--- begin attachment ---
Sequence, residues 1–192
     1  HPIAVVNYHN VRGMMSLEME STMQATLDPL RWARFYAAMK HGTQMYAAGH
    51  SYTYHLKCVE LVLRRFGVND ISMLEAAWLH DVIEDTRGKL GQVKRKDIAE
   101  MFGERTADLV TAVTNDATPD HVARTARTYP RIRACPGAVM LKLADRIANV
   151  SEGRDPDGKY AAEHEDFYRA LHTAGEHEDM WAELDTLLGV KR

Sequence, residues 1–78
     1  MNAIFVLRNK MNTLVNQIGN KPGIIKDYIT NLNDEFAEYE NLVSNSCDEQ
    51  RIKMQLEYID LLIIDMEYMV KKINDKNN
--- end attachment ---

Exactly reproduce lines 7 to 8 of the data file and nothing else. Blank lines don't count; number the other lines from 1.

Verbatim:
     1  MNAIFVLRNK MNTLVNQIGN KPGIIKDYIT NLNDEFAEYE NLVSNSCDEQ
    51  RIKMQLEYID LLIIDMEYMV KKINDKNN